Editorial: Texas needs to hand its drivers a new cellphone use law

No text and drive a year later

September 1 marks the first year anniversary of of no texting and driving in Texas. Still at it?
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September 1 marks the first year anniversary of of no texting and driving in Texas. Still at it?

We’ve all seen it: The light turns green but the guy ahead of us doesn’t move — until he lifts his head from looking at his cellphone.

Or the car ahead of you on the four-lane highway wanders in and out of its lane. You seize the opportunity to zip past and see the driver on her cellphone.

Like the rest of America, we Texans love our cars and our cellphones.

Unfortunately, the combination threatens to kill us.

Texas enacted a ban on texting and driving on Sept. 1, 2017, to try and reduce the risk. But we believe the law is ineffectual and nearly unenforceable.

Texas should follow the lead of 16 other states and allow only hands-free use of cellphones by drivers.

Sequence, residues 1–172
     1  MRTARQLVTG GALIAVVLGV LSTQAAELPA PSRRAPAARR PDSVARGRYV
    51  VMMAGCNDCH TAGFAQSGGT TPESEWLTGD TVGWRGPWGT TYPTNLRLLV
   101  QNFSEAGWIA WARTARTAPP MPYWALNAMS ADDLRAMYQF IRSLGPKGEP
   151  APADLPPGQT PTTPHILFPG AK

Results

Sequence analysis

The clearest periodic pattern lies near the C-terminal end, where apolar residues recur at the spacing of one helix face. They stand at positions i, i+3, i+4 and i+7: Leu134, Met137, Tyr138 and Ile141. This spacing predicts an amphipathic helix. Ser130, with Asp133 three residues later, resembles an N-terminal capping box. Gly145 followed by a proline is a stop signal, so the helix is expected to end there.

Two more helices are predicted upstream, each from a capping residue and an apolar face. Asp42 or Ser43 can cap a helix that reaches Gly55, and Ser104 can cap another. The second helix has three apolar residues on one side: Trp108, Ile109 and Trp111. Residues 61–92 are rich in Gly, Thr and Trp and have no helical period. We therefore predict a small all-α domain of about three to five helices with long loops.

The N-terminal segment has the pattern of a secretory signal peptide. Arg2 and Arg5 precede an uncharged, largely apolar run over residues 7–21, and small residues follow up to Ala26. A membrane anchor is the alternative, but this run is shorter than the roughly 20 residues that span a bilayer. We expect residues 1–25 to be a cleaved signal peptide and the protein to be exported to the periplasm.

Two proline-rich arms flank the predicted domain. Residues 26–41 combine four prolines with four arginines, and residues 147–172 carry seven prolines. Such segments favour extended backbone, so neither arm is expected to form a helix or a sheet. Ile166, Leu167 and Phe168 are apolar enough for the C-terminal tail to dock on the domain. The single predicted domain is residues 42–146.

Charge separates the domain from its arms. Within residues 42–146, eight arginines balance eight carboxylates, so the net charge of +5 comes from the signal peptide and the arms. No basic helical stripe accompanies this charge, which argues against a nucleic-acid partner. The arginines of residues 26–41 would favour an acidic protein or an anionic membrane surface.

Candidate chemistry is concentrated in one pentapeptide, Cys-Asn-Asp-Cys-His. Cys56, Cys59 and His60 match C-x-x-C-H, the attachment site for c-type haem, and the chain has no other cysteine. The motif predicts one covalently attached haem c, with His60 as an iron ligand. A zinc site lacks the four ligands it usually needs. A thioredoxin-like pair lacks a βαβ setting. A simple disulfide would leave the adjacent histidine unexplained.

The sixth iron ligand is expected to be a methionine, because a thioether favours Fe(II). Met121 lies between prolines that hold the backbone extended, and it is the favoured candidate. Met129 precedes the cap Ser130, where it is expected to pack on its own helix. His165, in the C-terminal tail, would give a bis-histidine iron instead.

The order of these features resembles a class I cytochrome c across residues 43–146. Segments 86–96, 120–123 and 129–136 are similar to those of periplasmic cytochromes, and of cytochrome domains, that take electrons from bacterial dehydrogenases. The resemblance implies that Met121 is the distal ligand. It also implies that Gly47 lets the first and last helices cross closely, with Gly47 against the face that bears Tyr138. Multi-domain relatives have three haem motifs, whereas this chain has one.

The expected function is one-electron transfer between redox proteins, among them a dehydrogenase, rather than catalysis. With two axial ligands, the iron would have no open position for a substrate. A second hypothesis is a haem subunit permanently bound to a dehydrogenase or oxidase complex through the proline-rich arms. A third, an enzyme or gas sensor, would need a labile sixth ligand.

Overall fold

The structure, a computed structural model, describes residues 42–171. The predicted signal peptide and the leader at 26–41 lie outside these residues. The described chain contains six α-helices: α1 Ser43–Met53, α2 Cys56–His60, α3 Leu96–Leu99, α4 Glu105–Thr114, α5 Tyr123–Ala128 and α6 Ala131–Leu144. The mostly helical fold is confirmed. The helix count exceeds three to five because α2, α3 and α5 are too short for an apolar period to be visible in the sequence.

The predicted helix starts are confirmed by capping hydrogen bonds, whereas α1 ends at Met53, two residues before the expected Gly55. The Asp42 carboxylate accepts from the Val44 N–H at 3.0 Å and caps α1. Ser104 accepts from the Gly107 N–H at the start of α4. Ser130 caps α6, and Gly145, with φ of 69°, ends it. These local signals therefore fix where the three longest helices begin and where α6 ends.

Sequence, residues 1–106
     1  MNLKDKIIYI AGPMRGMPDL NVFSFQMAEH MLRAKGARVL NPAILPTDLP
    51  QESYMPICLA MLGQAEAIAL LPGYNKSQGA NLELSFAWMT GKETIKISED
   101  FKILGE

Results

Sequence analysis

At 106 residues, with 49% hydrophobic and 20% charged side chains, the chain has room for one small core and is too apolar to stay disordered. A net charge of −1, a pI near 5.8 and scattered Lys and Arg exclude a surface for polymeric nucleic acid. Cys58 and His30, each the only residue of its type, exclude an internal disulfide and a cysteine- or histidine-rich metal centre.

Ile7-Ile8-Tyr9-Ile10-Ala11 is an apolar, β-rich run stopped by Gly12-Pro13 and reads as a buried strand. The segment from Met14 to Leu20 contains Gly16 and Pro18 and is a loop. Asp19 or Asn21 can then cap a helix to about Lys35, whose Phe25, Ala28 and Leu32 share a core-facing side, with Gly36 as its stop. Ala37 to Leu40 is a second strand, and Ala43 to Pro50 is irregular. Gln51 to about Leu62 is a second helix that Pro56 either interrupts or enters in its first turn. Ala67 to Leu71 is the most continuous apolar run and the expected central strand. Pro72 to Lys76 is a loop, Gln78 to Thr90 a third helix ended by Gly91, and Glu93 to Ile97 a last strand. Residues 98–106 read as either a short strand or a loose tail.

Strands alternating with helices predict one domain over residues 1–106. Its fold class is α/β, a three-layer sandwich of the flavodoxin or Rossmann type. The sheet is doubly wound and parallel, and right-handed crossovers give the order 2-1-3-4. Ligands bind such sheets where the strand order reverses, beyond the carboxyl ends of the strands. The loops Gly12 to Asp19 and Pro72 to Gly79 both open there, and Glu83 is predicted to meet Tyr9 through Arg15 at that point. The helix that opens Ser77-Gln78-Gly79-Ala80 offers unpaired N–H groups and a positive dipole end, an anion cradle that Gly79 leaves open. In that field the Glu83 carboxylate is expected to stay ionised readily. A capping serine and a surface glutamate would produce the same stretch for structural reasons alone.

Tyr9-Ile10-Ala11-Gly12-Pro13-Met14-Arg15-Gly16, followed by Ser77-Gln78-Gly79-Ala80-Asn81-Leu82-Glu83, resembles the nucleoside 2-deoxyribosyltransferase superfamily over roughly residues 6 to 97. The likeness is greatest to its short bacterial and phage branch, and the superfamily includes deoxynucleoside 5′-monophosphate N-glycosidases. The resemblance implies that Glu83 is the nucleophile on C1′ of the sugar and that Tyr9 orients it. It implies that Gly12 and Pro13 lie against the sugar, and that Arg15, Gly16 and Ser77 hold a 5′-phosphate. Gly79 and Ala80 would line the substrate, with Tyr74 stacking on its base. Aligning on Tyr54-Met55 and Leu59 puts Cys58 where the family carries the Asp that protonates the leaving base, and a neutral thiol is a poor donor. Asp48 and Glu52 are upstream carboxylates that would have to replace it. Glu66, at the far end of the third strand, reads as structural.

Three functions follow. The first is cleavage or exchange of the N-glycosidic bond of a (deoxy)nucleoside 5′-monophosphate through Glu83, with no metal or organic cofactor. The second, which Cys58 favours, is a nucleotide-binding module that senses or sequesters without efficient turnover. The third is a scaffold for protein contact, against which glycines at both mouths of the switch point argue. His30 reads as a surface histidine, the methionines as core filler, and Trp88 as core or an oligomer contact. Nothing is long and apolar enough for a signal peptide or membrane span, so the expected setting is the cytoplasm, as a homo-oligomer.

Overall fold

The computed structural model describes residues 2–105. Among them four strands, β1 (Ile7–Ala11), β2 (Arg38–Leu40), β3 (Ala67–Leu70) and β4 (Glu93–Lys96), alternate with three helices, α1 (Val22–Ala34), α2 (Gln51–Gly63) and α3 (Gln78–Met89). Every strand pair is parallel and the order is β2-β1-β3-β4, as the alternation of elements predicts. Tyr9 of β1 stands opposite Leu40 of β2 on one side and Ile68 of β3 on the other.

Arlington had a law that only allowed hands-free cellphone use by drivers that was in effect from 2012 to 2017. Police officers there wrote about 400 citations to violators during that time. But in the year since the looser law took effect, they have written only three citations.

Lt. Christopher Cook said the drop in citations is because it’s next to impossible to prove that someone police see using a cellphone is texting rather than using other cellphone functions that are allowable under the law.

Although it is clear hands-free laws do get drivers to let go of their cellphones, we admit that research offers a mixed bag on whether hands-free laws reduce accidents.

A 2014 analysis by the Highway Loss Data Institute showed that states that enacted hands-free laws did not see a decrease in crashes reported to insurance companies. But research by Dr. Alva O. Ferdinand at the Texas A&M School of Public Health showed states with bans on texting and driving saw fewer people in the hospital and fewer people killed in accidents due to distracted driving.

Many variables are involved in accidents, including whether drivers are honest about whether they were on their phones. That makes the effects of hands-free laws difficult to measure.

But it simply makes sense that you are more likely to be a safe driver when you can put both hands on the wheel.

We are generally loathe to endorse government intrusion into how we live our lives. But, in this case, our lives may depend on it.

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